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The Aosta Valley: As High As Europe Can Be

Tucked away in the north-west corner of Italy, surrounded by the highest mountains in the Alps is the Aosta Valley, an area with a unique culture, deep historical significance and every that alpine mountains support.

The Aosta Valley is the most north-westerly region of Italy, immediately bordering both France and Switzerland. It also lies at the base of the highest mountains in the Alps: Mont Blanc (Monte Bianco), the Matterhorn and the Monte Rosa. 

With multiple borders and formidable mountains, the Aosta Valley has a bizarre and fascinating history. The valley has been claimed by a long list of regimes; Celts, Romans, Goths and Lombards are just a few of those who have claimed ownership. This tumult of military conquests stands in contrast to stasis of 'Valedonian' civilisation, developing largely independently, tranquil in their relative isolation.   

During World War Two, the Valedonians resisted Mussolini's dogmatic attempts to Italianise the area, fleeing to Switzerland and France where resilient pockets of Valedonian culture remain. After 1945, the region became semi-autonomous, allowing it to preserve its cultural idiosyncrasies to the present day.

The truly unique culture draw thousands of visitors to the Aosta Valley each year, yet hundreds of thousands more come to exploit the sporting potential of this superlative alpine spot. Skiers and snowboarders, hikers and climbers, mountain bikers and road cyclists satisfy their wildest dreams in the Aosta Valley.    

Skiing in the Aosta Valley  

Unsurprisingly, the towering giants of the Aosta Valley offer world-class skiing and snowboarding. What is surprising is the range of skiing available - the expansive slopes of Mont Blanc, the Matterhorn and Monte Rosa cater for first-timers as well as seasoned experts, families and off-piste dare devilers, speedsters and cross-country skiers.Beginners have ample choice of easy slopes and excellent courses: they'll also find plenty to do while their thighs recover for the next round, exploring the historical depth of Aosta and sampling the delicious italian food. Experts skiers are spoilt for choice; Gressoney and Alagna provide the finest off-piste skiing in Italy; Cerinia, Champoluc and La Thuile have incredible blacks, steep gulleys and off-piste; you can ski in Mont Blanc's thick powder in Courmayer or take the famous 20km Vallée Blanche run into Chamonix; La Thuile has the legendary Berthod downhill run; Pila has a timed slalom run and offers racing training.     

The major ski resorts in the Aosta Valley:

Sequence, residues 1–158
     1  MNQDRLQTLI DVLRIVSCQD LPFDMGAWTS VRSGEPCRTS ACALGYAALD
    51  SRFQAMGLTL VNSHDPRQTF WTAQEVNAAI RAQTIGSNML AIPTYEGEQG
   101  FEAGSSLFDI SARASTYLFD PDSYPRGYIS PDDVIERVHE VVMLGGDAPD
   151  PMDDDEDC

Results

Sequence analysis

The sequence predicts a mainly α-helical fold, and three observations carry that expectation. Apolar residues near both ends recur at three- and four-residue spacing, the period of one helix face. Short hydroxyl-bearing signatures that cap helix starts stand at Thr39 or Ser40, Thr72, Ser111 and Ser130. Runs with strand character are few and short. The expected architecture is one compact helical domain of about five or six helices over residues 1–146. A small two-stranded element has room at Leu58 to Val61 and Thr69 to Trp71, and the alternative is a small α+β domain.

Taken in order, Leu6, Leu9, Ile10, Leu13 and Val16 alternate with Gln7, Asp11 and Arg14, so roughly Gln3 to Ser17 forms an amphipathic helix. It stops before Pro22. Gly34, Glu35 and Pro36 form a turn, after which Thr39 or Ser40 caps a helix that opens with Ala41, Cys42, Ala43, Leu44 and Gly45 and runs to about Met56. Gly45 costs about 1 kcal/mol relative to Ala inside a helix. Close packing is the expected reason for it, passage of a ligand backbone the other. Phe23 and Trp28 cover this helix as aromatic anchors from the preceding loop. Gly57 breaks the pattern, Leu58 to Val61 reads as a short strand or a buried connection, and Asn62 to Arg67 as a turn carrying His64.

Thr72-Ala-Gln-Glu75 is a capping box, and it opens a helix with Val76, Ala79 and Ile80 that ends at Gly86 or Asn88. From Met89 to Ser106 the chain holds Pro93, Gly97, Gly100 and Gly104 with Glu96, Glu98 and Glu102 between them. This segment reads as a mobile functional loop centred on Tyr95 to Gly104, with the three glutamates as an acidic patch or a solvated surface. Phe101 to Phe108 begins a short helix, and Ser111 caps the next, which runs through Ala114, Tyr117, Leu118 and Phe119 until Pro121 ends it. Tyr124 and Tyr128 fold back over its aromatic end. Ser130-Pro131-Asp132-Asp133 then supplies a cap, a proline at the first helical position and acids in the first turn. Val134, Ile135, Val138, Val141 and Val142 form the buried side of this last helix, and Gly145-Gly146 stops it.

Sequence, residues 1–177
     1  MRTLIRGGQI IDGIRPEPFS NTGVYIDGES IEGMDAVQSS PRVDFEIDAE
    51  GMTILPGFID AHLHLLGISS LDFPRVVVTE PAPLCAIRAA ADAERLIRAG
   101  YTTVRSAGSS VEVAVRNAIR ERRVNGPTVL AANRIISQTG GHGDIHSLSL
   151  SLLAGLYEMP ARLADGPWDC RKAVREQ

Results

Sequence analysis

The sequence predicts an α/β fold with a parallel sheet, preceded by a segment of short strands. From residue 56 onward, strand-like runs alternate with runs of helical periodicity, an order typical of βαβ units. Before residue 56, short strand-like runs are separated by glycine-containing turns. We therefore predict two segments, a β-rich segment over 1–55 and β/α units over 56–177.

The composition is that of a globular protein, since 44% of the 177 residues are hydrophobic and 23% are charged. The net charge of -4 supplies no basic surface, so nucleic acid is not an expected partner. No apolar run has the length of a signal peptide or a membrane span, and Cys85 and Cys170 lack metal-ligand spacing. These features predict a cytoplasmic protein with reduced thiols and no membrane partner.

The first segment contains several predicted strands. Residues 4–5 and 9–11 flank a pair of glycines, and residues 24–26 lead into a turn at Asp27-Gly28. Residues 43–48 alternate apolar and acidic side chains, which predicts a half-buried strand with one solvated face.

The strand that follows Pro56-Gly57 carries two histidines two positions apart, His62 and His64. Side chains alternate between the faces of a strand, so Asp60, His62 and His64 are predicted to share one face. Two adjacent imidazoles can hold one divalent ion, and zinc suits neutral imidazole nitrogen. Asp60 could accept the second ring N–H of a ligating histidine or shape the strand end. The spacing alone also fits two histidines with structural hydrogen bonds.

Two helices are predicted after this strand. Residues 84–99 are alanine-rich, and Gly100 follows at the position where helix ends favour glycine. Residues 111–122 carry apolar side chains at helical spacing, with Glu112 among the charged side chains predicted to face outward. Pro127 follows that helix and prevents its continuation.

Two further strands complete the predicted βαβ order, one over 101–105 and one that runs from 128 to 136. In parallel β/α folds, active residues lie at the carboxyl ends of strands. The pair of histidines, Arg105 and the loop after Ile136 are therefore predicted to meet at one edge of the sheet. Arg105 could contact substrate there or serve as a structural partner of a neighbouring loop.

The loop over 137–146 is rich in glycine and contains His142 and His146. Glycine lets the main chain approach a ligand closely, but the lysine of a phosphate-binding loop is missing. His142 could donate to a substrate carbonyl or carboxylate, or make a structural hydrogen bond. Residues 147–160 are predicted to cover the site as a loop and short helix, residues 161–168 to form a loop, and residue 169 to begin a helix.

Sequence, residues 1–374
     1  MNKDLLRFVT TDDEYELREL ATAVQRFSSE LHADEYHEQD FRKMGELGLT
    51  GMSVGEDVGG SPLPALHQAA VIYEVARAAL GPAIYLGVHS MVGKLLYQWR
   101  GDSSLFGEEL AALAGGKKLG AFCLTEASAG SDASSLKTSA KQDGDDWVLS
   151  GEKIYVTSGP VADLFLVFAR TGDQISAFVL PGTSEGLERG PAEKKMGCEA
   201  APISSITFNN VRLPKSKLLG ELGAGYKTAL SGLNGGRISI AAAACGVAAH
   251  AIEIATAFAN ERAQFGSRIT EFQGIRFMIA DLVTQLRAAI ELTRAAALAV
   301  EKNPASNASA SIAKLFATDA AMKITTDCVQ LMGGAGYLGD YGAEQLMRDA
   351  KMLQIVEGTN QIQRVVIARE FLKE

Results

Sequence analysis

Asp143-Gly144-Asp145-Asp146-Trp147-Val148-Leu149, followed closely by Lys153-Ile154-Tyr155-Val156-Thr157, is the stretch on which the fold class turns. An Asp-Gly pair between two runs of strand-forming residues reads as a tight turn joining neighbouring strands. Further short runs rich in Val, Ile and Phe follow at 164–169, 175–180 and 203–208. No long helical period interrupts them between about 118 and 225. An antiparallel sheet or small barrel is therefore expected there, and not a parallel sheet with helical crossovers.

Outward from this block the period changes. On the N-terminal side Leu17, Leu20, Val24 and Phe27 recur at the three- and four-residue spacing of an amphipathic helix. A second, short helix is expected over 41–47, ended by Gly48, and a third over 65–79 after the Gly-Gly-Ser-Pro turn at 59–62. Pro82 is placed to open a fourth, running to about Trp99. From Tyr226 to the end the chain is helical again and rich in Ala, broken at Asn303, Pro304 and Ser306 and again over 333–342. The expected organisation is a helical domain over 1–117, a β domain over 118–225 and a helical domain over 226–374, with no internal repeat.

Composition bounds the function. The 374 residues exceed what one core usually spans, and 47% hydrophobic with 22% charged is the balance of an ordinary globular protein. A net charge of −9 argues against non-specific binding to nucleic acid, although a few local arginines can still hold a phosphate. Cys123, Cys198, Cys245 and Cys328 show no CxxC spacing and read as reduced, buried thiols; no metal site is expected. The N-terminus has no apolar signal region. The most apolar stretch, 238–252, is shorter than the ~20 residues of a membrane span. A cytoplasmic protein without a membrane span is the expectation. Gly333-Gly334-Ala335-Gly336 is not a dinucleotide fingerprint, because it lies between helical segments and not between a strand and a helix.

• Mont Blanc (Monte Bianco) - Courmayeur
  • Cervinia - overlooks the Matterhorn and links into popular Swiss resort Zermatt 
  • La Thuile - links with La Rosiere in France
  • Pila very close to the historic Aosta town
  • Champoluc and Gressoney in the Monte Rosa ski area.

Skiing in the Aosta Valley

Hiking and Mountaineering in the Aosta Valley

 The scenery is breathtaking as you hike through the Aosta Valley, 3000 metres below three stunning peaks. Each path is steeped in history, layered with the military and commercial ventures of thousands of years. Many of the paths are originally Roman, built to facilitate the spread of one of the greatest known empires. Some passes were created in the 17th century, during the Franco-Spanish War, to defend the border against the French. These same passes were used in World War Two, and are still used by curious visitors who wish to explore the historical paths. You can also walk along a trail constructed in the 19th century, to construct a fort in the Va Valley and allow troups to access, or follow an ancient religious road to the Sanctuary of Oropa. If you're in a lighter mood, you might take the Wine Road, which allowed long caravans of mules to export the tasty vino of the Aosta Valley to the Rhone. You can find itineraries for these routes, and several more, here.  

If you fancy a longer, higher walk there are spectacular opportunities to trek in the Aosta Valley, over the foothills beside Mont Blanc and Monte Rosa. By day, you'll absorb the incredible, ever-changing view; a medley of skylines, wilderness and fauna. At night, you can sleep under the stars you never see by city light. There are a range of trails and you can choose whether to go higher, harder and longer, cross borders and reach passable parts of the mountains. Find out more about trekking in the Aosta Valley here.